This trend has come to Milwaukee. In May 2022, Kenosha-based Bear Development and Kacmarcik Enterprises released a development plan for an “Iron District” on the southwestern end of downtown Milwaukee. Playing with Public Money in Milwaukee provides Milwaukee residents and political leaders background information and additional context as this proposal is considered, offering an overview of relevant research on the economic impact of sports arenas and information on recent public investment in soccer stadiums in five other cities.

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  • Dresser, L., P. Aquiles-Sanchez, and A. Kanter. The Crisis in Milwaukee’s Service Industry. COWS, 2022.

    There’s a crisis in service work in Milwaukee. Too many of these jobs—in food service, janitorial work, security services, and human and health services—offer low wages, inadequate and often unpredictable hours, and benefits packages that are usually weak, if they exist at all. For Milwaukee, these jobs have been a sorry replacement for the good union manufacturing jobs that once defined opportunity in the city. This economic transformation has especially damaged Milwaukee’s Black community, resulting in extreme racial disparity.

    All of this was well documented before COVID-19. In the last two years, the underlying crisis in these jobs has been exposed and it has grown. Until we build a strong, consistent floor of better wages, more predictable hours, and stronger benefits in these jobs, the crisis will continue.

    The City of Milwaukee can help to lead this effort. In every aspect of policy, the City can seek to strengthen job quality, raise labor standards, and support and build a high-road approach to service work in the city.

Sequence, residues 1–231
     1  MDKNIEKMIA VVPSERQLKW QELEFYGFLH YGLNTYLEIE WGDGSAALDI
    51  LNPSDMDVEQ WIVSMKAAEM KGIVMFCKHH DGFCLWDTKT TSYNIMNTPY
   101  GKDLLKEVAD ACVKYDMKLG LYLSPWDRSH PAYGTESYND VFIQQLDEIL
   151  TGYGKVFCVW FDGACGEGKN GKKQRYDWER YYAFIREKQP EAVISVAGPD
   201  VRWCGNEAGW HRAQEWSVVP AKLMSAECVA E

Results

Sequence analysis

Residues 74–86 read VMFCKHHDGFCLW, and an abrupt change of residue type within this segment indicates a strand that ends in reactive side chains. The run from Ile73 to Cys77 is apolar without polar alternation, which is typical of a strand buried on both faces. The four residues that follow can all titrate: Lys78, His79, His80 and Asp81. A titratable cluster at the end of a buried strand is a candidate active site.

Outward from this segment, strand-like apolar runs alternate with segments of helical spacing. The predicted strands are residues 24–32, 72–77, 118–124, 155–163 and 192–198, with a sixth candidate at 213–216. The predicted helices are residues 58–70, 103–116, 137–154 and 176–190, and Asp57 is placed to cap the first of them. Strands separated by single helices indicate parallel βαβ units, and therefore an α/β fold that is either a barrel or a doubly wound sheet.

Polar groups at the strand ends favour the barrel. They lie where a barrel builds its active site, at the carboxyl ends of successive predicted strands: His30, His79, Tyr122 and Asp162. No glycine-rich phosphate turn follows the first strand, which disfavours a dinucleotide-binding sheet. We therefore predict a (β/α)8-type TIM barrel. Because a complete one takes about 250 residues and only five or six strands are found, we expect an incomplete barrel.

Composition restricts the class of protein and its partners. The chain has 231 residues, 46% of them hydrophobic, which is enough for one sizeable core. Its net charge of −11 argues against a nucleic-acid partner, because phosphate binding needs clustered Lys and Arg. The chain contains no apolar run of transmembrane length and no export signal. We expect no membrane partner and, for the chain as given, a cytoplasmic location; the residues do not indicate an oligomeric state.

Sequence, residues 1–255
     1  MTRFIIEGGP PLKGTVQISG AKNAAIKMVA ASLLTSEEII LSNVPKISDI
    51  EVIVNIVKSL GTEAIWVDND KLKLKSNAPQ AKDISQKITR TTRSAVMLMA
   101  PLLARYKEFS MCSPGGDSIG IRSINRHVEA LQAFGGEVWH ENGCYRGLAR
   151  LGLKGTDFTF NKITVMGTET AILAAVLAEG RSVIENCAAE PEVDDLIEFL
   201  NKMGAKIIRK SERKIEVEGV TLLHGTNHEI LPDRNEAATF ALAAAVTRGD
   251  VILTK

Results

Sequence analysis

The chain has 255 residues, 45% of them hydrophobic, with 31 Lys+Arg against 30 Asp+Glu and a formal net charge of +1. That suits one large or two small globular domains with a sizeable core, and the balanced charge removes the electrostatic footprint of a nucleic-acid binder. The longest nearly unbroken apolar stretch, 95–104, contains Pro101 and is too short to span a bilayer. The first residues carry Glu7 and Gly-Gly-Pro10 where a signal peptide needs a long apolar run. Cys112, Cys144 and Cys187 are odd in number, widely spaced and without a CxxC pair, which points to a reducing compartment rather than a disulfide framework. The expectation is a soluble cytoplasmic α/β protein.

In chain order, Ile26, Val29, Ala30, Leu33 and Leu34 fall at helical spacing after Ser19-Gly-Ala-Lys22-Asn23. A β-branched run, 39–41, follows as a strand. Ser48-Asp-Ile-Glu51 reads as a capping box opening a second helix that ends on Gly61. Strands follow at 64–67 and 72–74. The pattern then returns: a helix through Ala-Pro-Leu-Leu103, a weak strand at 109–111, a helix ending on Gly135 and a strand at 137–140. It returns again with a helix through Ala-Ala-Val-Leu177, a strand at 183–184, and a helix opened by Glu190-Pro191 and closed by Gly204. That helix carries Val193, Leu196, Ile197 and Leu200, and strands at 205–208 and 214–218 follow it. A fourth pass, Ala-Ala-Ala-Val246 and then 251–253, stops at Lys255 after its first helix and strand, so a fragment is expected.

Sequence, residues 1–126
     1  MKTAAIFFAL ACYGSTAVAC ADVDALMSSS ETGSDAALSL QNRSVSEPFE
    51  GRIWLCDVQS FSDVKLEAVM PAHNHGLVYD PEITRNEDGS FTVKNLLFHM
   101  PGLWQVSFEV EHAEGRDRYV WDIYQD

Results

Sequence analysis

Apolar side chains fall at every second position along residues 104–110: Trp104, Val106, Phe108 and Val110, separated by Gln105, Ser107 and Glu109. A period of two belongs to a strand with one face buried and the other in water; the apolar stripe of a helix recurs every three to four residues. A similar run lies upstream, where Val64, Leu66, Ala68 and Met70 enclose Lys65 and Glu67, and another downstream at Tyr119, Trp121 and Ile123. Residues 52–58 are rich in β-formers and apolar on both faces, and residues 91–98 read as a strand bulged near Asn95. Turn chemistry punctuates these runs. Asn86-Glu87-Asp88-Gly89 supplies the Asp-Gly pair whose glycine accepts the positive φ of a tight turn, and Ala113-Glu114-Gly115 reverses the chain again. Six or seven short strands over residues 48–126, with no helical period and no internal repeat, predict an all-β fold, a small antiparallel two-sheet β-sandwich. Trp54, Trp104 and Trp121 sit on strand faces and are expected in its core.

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  • Aquiles-Sanchez, P., L. Dresser, A. Milewski, and J. Rogers. The State of Working Wisconsin 2022. COWS, 2022.

    In celebration of Wisconsin workers, COWS releases The State of Working Wisconsin 2022 with the most recent data available on wages, jobs, disparities, and unions to build a stronger understanding of what is going on in the state’s labor market. Released for Labor Day 2022, this year’s report also features a series of profiles highlighting stories of workers organizing across Wisconsin.

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  • Dresser, L., and W. Kahn. Toward a New Tradition in "Nontraditional Occupations". COWS, 2021.

    For decades, a handful of women have been celebrated as pioneers in construction, manufacturing, transportation, and distribution careers. Despite years of work, these occupations remain “nontraditional” for women and people of color and present unique barriers and challenges. Raising Women’s Success in Apprenticeship (RSWA) is driving systemic change to make these industries more open, accepting, and inclusive of nontraditional workers. This report summarizes the network’s work, identifies key factors of success for getting women into nontraditional jobs, and identifies the remaining challenges that will require a substantial change in policy and practice to make success for women the norm.

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  • Briggs , X. de S., and J. Rogers. “A More Democratic Federalism?”. Democracy, Vol. 62, 2021.
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  • Bernstein, S., and J. Rogers. 7 Steps to Municipal Resilience & Recovery. COWS, 2021, p. 9.